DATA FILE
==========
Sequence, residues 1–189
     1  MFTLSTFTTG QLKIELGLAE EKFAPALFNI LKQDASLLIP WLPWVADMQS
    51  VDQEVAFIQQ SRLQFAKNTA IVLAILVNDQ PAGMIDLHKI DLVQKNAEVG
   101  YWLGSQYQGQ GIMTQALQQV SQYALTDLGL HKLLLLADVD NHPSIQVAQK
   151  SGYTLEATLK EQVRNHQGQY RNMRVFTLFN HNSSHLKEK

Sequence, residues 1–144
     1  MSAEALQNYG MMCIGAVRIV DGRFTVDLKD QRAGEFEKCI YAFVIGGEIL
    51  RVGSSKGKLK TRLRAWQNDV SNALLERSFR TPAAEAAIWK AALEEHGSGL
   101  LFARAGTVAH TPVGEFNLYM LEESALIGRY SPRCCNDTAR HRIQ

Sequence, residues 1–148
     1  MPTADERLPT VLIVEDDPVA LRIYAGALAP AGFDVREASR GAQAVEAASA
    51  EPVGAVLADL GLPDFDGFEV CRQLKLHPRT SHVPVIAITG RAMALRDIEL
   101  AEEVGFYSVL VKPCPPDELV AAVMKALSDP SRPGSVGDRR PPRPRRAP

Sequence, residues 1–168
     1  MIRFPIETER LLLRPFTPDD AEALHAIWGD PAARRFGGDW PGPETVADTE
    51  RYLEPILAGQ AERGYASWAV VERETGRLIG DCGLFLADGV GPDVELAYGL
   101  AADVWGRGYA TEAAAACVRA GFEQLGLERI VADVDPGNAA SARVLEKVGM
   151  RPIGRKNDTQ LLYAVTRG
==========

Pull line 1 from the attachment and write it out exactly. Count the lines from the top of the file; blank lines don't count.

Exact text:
Sequence, residues 1–189